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Tuesday 25th June
Kiribati Information - Page 2
In 1892 Kiribati, known as the Gilbert Islands, became part of the British Protectorate of the Gilbert and Ellice Islands (Tuvalu).

The British Colony of the Gilbert and Ellice Islands was formed in 1916. Later, the Line Islands and the Phoenix Islands were added to the Colony.

During the Second World War Japanese troops occupied the Gilbert Islands. Fierce fighting took place in Tarawa between Japanese and US troops.

In 1975 the Gilbert Islands and the Ellice Islands separated. The Ellice Islands gained independence in 1975, becoming known as Tuvalu, and the Gilbert Islands achieved independence in 1979, changing its name to Kiribati.

Kiribati and Tuvalu both retained links with the United Kingdom through membership of the Commonwealth.

Farming and fishing are traditional occupations in Kiribati. Agricultural products include copra, taro, sweet potatoes and breadfruit.

Revenue is received from the sale of fishing licences.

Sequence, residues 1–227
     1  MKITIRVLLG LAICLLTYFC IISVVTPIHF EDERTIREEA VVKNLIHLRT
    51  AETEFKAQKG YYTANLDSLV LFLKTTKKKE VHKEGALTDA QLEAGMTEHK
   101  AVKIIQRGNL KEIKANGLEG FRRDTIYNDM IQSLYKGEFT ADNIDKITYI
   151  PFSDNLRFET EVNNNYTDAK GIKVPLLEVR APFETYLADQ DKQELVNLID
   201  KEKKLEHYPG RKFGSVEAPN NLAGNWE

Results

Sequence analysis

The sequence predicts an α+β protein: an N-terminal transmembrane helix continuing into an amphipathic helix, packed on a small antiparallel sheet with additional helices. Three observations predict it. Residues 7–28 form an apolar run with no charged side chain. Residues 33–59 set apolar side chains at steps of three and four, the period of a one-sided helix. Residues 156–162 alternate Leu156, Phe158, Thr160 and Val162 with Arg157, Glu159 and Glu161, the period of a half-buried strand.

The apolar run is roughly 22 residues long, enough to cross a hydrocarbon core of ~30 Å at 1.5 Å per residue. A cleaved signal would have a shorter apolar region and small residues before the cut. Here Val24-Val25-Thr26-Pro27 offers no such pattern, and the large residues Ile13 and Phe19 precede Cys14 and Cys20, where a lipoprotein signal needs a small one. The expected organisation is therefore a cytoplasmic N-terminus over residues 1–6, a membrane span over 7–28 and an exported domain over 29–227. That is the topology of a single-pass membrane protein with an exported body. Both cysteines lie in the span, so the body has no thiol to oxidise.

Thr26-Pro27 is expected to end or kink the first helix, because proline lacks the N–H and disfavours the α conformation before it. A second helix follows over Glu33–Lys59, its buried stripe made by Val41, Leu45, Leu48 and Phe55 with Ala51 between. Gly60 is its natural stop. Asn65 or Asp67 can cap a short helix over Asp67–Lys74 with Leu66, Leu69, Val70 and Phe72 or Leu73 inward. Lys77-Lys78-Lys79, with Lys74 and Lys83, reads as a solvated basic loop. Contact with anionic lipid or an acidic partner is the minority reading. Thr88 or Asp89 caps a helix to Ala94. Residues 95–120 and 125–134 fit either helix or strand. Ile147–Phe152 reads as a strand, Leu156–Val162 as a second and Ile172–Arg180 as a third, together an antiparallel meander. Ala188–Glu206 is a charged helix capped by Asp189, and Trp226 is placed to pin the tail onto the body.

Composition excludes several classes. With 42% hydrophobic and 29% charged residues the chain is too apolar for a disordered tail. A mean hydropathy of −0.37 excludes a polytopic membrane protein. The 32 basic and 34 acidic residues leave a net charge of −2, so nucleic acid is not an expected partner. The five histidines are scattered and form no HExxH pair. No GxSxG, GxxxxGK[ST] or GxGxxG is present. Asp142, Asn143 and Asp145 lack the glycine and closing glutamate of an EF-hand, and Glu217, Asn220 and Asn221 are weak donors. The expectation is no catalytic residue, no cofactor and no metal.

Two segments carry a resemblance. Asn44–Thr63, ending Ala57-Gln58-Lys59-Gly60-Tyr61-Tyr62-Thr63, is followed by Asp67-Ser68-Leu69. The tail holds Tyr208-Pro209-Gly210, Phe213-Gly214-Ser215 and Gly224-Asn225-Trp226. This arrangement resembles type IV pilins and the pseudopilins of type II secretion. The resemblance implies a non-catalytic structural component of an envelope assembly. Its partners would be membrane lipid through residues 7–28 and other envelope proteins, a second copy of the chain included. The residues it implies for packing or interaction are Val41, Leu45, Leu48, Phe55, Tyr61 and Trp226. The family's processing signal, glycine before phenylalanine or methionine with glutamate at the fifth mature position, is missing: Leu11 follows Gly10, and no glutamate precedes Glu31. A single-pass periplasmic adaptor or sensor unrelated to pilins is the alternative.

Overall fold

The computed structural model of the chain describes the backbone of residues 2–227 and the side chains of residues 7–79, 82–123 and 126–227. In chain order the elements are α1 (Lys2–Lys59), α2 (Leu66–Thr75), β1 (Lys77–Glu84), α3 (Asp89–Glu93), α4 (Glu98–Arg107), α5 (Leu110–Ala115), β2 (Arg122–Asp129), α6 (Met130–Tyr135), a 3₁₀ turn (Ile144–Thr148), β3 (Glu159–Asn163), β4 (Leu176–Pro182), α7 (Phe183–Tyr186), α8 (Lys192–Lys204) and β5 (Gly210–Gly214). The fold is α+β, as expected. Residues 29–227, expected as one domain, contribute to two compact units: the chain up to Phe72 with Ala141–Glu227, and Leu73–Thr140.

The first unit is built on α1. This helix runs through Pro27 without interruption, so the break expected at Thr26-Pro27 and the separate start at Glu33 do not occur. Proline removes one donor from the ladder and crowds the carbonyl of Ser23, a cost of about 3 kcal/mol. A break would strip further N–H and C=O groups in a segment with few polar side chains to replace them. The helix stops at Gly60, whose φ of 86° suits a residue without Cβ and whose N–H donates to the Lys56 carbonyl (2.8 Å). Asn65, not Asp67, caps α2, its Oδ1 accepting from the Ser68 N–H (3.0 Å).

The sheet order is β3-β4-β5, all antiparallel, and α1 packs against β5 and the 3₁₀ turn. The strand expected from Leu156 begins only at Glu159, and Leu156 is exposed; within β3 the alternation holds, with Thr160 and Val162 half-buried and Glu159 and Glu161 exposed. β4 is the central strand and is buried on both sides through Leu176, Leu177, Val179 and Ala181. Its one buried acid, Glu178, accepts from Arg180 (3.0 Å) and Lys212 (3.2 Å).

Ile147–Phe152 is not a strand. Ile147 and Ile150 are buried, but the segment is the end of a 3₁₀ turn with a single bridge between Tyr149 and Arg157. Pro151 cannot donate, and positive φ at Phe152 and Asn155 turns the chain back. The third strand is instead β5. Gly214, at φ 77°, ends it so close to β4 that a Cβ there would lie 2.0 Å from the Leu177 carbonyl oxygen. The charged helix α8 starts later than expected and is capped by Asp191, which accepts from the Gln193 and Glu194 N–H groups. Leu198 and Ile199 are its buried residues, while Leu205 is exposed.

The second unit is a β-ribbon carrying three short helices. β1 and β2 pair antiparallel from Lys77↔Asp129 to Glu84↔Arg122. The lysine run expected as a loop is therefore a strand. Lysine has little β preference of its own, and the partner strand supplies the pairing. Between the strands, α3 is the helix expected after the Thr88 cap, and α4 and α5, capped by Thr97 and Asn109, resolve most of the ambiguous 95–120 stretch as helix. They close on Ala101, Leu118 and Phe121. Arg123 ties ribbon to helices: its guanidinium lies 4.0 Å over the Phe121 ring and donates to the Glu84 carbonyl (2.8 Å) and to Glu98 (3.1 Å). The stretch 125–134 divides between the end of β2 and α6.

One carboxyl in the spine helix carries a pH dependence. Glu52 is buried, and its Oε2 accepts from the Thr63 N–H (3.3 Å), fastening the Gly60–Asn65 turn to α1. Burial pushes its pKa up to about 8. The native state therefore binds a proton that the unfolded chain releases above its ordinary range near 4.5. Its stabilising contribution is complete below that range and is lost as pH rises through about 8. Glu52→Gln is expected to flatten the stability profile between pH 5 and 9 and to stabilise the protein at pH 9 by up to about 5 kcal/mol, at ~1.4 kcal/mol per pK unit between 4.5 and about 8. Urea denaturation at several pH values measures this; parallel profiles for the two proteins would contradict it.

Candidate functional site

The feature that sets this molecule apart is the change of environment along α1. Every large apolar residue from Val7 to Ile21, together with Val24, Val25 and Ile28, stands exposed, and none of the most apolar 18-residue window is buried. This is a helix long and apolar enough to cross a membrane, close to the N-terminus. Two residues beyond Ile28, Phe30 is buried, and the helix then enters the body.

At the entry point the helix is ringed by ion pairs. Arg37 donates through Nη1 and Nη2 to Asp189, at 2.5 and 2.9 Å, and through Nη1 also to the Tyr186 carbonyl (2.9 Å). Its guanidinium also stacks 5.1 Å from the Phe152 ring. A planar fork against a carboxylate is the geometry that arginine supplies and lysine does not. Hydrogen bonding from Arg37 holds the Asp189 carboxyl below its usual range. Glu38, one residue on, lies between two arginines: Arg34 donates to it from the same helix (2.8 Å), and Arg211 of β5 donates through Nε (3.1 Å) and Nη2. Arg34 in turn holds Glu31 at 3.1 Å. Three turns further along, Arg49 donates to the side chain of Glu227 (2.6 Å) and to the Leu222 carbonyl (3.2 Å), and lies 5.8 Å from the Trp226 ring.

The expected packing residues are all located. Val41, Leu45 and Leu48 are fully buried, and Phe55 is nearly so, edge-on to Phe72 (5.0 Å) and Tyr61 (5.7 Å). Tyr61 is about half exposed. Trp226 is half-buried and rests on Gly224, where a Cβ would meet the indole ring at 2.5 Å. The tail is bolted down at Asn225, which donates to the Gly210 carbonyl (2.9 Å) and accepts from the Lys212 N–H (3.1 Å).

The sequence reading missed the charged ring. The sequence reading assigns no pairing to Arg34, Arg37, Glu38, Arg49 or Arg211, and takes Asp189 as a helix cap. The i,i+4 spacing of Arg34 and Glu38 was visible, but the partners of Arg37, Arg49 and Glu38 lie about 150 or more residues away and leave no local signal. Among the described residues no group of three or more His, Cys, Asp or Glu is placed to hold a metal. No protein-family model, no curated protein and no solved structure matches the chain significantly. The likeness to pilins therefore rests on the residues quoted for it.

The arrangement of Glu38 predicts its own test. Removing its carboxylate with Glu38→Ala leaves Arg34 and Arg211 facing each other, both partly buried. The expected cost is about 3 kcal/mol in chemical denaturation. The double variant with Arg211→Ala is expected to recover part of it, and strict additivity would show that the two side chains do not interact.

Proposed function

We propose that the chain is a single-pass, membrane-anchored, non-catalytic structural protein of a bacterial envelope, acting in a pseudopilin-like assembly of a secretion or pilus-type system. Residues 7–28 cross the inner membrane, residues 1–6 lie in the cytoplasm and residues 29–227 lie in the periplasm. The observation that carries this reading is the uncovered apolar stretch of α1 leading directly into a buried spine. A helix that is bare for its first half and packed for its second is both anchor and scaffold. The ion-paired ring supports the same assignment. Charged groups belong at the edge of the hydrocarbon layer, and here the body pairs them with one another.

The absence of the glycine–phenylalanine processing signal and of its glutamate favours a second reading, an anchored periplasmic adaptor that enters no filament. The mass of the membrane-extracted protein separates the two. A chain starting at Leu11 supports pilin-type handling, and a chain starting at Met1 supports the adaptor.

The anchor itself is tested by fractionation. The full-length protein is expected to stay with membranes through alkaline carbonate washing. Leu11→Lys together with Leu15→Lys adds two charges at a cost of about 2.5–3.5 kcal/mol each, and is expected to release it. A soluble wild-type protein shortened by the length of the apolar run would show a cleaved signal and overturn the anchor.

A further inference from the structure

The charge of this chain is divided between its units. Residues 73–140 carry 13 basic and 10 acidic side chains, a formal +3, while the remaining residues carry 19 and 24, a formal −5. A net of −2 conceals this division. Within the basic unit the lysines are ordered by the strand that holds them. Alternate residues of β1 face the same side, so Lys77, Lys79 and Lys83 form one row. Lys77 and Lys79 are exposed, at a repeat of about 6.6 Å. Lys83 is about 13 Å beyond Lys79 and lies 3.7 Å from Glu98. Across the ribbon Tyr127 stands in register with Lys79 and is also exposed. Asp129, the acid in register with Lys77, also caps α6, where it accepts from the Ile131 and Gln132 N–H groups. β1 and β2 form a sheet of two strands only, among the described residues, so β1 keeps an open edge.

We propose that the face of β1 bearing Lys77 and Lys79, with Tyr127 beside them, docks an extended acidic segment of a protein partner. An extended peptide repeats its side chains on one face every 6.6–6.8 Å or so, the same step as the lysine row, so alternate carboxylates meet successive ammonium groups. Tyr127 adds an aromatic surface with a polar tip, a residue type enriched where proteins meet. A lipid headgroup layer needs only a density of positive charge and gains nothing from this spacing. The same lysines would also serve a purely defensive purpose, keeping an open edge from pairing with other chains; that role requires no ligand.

Remittances from I-Kiribati employed overseas are important to the economy and tourism provides approximately one-fifth of the country's Gross Domestic Product.

Kiribati receives financial aid from around the world including an annual amount from an Australian trust fund. (2011)

Music is an important part of I-Kiribati culture. The traditional Ruoia dance often forms part of celebrations in Kiribati.

Kiribati is particularly famous for traditional canoe building. Local crafts sold to the tourist include items such as woven mats and shark-teeth swords.

Canoe racing is popular in Kiribati. Another local sport is a hand ball game called oreano.

Soccer and volleyball are also played in Kiribati.

Christmas and other religious holidays are celebrated. Independence Day is on 12 July (1979).

News from Kiribati is available in Newslink.

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